Conservatory plants offer the perfect way to bring a lush, leafy look to conservatories and garden rooms. Where the bright light and warmth from spring to early fall provide an ideal home for many sun-loving species.
But choosing plants for a conservatory isn't as simple as picking any old houseplant. They need to be tough plants that will cope with the conditions in a glass-roofed room where strong sunlight may raise summer temperatures to over 86˚F (30˚C). Meanwhile a lack of insulation means that conservatories are colder than the rest of the house in winter.
Not only that but conservatories can experience marked differences between day and night-time temperatures, but the good news is that many houseplants are adapted to these variations and will be able to sail through the seasons unscathed.
When choosing conservatory plants, also check the type of glazing used before you buy. Neutral glass with high light-transmittance allows the full spectrum of light through, offering the right conditions for the best indoor plants that like bright sun. Tinted and solar-controlled glass both help to lower temperatures in summer, but they will also reduce the level of UV rays passing through, creating conditions more suited to plants that prefer light shade.
Introduce greenery to a garden room with the best conservatory plants
The solution to ensuring you choose the best conservatory plants is to assess the light and temperatures your room experiences throughout the year, and experiment with a few plants to see which suit it best.
Whether you go for low light indoor plants for spaces with solar-control glass or ones that will thrive in the summer heat of a garden room, the following list has plenty of great options which will help you to create stunning indoor garden ideas in your conservatory.
1. Pincushion cactus (Mammillaria)
The tough but versatile pincushion cacti come in many shapes and sizes, but all feature decorative spines and enjoy life in a heated or unheated conservatory, tolerating temperatures down to 41˚F (5˚C) in winter.
Many are small and domed shaped, such as Mammilalaria spinosissima with its rusty red, bristly spines, or columnar shaped such as the aptly named ladyfinger cactus, M. elongata, which produces clusters of slim spiny stems. Small flowers also appear in rings around the top of the stems.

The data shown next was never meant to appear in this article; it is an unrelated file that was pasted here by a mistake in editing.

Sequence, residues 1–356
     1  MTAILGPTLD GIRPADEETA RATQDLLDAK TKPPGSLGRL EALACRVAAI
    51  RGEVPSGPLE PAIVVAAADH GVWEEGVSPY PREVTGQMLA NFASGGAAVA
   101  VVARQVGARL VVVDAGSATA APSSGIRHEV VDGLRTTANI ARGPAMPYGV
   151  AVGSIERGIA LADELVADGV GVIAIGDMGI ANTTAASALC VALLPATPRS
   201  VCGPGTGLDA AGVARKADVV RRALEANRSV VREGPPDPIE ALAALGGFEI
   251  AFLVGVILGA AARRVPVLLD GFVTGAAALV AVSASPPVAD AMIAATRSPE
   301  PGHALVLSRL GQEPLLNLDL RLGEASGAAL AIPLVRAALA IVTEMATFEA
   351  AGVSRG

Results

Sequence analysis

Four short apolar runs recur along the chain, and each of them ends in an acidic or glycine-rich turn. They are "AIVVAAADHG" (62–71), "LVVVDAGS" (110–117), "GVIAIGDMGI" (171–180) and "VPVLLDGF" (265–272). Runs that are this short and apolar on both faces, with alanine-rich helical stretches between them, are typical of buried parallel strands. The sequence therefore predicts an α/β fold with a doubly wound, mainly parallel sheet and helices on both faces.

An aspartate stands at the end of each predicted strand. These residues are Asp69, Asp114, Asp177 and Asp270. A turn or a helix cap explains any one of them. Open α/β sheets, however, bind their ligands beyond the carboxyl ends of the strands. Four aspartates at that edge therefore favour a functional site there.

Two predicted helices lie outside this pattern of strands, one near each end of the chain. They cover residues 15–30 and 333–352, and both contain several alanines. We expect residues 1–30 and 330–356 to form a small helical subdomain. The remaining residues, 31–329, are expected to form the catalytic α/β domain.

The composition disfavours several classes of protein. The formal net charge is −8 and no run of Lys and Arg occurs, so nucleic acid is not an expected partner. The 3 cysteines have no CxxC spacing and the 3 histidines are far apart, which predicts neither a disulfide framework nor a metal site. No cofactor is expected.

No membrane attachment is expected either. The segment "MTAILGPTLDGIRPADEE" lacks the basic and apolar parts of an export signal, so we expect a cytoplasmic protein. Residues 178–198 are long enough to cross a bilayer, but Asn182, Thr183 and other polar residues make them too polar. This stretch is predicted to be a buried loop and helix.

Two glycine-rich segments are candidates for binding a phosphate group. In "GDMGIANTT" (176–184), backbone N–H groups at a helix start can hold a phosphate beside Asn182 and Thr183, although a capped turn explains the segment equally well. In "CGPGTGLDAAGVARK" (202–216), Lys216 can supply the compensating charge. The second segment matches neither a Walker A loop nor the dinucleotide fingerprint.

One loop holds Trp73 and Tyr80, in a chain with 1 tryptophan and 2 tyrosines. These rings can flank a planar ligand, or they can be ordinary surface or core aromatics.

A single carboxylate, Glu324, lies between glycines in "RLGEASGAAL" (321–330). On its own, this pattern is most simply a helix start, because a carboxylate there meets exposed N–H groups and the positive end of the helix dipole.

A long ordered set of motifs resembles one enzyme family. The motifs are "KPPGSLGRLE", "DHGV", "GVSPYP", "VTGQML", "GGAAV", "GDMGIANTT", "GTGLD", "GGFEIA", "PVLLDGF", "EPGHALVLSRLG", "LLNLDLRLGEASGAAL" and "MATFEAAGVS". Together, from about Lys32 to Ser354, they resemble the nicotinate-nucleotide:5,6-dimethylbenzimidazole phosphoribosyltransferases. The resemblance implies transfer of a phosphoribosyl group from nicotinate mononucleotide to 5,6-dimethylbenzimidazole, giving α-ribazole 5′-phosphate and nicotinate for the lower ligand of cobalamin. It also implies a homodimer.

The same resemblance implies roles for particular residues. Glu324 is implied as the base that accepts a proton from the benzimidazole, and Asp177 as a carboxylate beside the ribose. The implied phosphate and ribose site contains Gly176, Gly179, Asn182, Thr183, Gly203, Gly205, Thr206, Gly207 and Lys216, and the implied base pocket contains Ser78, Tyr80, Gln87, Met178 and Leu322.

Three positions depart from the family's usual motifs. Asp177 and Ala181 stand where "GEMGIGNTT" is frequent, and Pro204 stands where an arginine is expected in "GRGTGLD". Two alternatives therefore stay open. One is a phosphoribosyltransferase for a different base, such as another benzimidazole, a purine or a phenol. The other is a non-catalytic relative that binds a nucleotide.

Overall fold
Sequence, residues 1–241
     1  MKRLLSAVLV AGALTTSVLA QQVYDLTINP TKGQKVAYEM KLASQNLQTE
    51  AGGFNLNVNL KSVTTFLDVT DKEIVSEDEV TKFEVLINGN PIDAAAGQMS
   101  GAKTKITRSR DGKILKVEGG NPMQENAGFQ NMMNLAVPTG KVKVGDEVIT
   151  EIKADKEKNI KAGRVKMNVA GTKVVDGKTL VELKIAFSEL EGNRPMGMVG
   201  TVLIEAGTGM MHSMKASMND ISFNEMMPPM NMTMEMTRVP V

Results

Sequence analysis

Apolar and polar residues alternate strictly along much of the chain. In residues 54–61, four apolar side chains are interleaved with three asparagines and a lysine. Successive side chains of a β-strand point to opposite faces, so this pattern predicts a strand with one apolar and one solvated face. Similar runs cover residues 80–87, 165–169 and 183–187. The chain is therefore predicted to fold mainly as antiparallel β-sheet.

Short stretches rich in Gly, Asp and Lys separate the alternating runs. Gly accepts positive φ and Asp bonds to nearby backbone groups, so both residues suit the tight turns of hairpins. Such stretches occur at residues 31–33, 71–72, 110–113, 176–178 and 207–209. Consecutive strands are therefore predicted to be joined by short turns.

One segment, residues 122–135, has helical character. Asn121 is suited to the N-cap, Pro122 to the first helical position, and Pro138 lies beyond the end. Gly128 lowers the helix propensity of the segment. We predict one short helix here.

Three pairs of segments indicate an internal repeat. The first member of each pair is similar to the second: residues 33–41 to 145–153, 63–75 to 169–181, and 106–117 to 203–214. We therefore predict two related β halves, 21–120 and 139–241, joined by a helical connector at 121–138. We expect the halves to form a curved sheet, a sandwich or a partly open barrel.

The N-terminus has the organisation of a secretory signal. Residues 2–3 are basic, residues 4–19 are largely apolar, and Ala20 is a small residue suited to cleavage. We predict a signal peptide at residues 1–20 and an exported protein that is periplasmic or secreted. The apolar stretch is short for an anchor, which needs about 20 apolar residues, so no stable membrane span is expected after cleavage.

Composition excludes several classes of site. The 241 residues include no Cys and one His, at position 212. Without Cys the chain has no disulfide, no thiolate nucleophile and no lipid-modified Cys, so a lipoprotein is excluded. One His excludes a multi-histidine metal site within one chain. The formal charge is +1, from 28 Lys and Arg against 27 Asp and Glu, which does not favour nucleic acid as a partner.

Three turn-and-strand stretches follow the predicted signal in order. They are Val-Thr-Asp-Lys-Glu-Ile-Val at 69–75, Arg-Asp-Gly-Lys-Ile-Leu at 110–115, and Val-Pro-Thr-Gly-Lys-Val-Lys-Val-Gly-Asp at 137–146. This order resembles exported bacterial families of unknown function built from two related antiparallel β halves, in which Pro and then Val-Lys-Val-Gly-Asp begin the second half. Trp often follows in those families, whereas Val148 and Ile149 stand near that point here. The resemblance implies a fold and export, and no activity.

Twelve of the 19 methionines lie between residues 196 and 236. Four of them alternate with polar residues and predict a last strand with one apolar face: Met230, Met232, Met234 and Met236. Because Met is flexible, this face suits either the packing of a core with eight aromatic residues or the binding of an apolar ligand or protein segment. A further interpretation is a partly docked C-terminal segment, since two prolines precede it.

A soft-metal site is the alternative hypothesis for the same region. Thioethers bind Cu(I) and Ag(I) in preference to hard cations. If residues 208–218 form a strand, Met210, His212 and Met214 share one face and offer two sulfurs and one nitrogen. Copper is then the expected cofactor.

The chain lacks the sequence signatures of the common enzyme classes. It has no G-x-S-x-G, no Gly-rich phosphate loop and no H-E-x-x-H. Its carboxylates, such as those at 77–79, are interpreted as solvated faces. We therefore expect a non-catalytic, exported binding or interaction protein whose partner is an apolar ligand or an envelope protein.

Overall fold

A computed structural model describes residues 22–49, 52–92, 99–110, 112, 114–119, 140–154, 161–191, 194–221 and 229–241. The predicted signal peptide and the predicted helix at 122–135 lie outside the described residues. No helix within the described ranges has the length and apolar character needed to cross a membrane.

Using cactus garden ideas for your conservatory plants is a good option as they will enjoy the bright light, but need some shading in summer to prevent the full blare of the sun from scorching them. Plant in a pot with drainage holes at the base and water from spring to autumn, allowing the top 1/2in (1cm) of compost to dry out between each watering.
Always leave your plant to drain before returning it to a waterproof container. Do not water at all in winter, but mist lightly once every or three or four weeks. Apply a half-strength cactus fertilizer once a month from spring to fall.
2. Aloe vera
Popular for its rosettes of smooth leaves with soft spiny edges, the gel inside aloe vera’s foliage also helps to soothe burns, including sunburn, making it an invaluable plant for your home.
Although often thought of as a kitchen plant, you'll find that aloe vera will actually do well in a warm, sunny conservatory. This tough succulent requires some shade in summer, but it will also tolerate low winter temperatures in winter. A mature plant can grow to about 2ft (60cm) in height and spread, so give it room to shine.
Water only when the top of the compost feels dry and reduce this even further in winter, giving just a little about once a month to ensure the leaves don’t shrivel. Apply a half-strength cactus fertilizer monthly from spring to late summer.
Recreate a classic Mediterranean garden idea inside your home with a bougainvillea trained along wires fixed to your conservatory wall, where the tall, twining stems will produce a flowery indoor garden throughout summer.
Choose a dwarf variety such as ‘Helen Johnson’ or ‘Pixie’ for a small conservatory and train the stems up canes or over a wire hoop. The tiny white flowers nestle inside colorful papery bracts, which come in shades of pink, red or white.